astronomical sciences
© Evgenii Puzanov |

Editor of Open Access Government, Jonathan Miles, takes us on a voyage of discovery when it comes to supporting astronomical sciences in the U.S.

The Division of Astronomical Sciences (AST) within the National Science Foundation (NSF) in the U.S. sets out to support research in all aspects of astronomy and astrophysics plus related multidisciplinary studies. This fits in brilliantly with the NSF’s wider aim to support both research and people to foster knowledge that changes the future. So, the mission of the AST includes the following:

• Helping the U.S. astronomical community to achieve scientific excellence.

• Giving access to world-class research facilities utilising merit review.

• Encouraging the development of next-generation facilities and new instrumentation.

• Supporting a broad knowledge of the astronomical sciences through a diverse population of scientists, educators, policy-makers and the public.

Also, the Division takes part in international and interagency collaborations due to the scale of today’s astronomical research. (1) The programs within the AST are many, but one example Advanced Technologies and Instrumentation (ATI) gives “individual investigator and collaborative research grants for development of new technologies and instrumentation for astronomy and astrophysics”. (2) Another is the Gemini Observatory, a partnership that is international in its scope, involving Argentina, Brazil, Canada, Chile, the U.S. and the Republic of Korea. (3) One more example is the National Radio Astronomy Observatory (NRAO) concerning radio telescopes used by scientists globally to study almost all kinds of astronomical objects, including galaxies in the distant Universe plus bodies in our own Solar System. (4)

Supporting discovery in the astronomical sciences

In recent news, we learn about a NSF-funded discovery of a massive rotating disk galaxy, observed when the universe was only 10% of its current age, and as such challenges the models of galaxy formation that we know. “This observation epitomises how our understanding of the universe is enhanced with the advanced sensitivity that ALMA brings to radio astronomy,” says Joe Pesce, a Program Director at the AST. “ALMA allows us to make new, unexpected findings with almost every observation,” he adds. (5)

In other news, we discover that in May this year astronomers confirmed the existence of two giant, newborn planets in the PDS 70 system. A team of astronomers employed a new method of taking photos of the baby planets or protoplanets, we find out and Jason Wang, Lead Author of the study says, “There was some confusion when the two protoplanets were first imaged. Planet embryos form from a disk of dust and gas surrounding a newborn star. This circumstellar material accretes onto the protoplanet, creating a kind of smokescreen that makes it difficult to differentiate the dusty, gaseous disk from the developing planet in an image.” (6)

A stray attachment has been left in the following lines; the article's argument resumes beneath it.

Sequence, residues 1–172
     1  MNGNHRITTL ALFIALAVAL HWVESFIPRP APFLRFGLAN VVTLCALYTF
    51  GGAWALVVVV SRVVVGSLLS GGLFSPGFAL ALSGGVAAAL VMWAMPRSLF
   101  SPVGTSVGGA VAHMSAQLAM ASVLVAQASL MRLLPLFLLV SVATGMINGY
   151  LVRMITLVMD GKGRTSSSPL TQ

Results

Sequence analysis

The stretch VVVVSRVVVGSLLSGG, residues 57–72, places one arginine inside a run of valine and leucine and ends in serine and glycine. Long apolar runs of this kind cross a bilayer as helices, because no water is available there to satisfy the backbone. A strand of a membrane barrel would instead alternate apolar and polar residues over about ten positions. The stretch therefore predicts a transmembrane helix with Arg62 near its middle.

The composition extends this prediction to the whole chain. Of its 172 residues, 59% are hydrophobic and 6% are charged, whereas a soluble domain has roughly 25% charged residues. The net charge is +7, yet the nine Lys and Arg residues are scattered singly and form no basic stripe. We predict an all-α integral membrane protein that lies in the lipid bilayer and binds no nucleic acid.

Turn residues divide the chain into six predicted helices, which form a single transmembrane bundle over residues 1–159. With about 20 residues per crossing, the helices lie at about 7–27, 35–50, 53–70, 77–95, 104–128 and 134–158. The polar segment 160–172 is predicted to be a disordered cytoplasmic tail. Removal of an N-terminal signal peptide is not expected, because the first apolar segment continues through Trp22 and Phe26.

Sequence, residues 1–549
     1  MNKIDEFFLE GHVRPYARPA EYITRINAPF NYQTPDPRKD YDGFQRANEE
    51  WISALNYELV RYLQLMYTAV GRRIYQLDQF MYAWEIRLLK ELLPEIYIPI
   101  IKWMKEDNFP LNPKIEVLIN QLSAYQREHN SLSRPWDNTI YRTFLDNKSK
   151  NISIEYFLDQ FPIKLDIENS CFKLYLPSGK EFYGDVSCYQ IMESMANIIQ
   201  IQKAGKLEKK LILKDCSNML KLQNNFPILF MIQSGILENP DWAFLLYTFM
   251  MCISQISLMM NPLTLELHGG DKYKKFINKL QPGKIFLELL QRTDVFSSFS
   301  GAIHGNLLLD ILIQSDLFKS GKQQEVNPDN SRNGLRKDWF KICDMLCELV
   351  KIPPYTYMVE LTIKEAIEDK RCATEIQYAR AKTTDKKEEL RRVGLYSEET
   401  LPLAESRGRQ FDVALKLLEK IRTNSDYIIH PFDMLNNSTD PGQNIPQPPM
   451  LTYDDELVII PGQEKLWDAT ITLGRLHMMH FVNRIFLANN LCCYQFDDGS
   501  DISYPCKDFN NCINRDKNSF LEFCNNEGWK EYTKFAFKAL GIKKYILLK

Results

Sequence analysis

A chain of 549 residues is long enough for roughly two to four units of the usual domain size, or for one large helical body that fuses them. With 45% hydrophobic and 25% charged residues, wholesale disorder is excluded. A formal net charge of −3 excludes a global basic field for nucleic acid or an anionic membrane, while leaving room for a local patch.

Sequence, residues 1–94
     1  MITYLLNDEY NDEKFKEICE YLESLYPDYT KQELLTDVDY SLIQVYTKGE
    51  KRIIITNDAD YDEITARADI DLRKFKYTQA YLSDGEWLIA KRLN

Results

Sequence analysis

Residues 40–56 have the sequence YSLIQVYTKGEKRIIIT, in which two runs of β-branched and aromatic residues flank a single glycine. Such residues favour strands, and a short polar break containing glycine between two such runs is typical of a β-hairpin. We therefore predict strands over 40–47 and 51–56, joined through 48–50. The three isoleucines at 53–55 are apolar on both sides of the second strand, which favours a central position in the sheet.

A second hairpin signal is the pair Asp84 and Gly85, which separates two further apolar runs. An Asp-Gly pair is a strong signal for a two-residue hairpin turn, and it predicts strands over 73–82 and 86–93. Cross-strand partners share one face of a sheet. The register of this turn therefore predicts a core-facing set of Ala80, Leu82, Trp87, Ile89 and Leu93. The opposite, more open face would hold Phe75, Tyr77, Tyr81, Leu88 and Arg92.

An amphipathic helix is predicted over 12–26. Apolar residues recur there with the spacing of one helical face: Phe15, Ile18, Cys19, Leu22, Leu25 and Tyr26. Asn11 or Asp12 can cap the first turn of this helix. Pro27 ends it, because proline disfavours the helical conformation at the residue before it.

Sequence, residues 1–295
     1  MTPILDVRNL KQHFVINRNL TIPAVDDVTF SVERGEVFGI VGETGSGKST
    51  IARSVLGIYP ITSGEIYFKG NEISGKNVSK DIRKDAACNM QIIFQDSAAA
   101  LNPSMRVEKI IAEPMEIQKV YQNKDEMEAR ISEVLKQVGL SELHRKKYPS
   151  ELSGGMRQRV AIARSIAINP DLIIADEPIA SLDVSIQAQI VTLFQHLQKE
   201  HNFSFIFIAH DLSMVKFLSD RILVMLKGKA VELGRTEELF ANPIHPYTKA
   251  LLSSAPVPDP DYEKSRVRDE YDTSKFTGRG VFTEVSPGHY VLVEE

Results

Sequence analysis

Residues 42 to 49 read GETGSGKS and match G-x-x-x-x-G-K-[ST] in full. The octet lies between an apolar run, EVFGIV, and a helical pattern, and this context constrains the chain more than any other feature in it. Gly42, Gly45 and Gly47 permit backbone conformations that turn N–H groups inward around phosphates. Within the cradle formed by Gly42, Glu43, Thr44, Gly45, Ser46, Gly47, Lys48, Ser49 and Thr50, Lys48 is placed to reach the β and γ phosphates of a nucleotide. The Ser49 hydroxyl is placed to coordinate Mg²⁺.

Using the Atacama Large Millimeter/submillimeter Array, ALMA, an international astronomy facility, partly funded by the NSF, we find out in April about a galactic visitor that entered the solar system in late 2019 – interstellar comet 2I/Borisov. In December 2019, for the very first time, “astronomers directly observed the chemicals stored inside an object from a planetary system other than our own,” we read.

“ALMA has been instrumental in transforming our understanding of the nature of cometary material in our own solar system – and now with this unique object coming from our next-door neighbours. It is only because of ALMA’s unprecedented sensitivity at submillimeter wavelengths that we are able to characterise the gas coming out of such unique objects,” co-author Anthony Remijan of the National Radio Astronomy Observatory says. (7)

The future: Astronomical sciences

We wish the AST well for the future as they continue to encourage research in the field of astronomy and astrophysics. The AST’s work, some of which we have discussed here, fits in well with a wider aim of the NSF as an independent federal agency to “promote the progress of science” and “support basic research and people to create knowledge that transforms the future.” (8)



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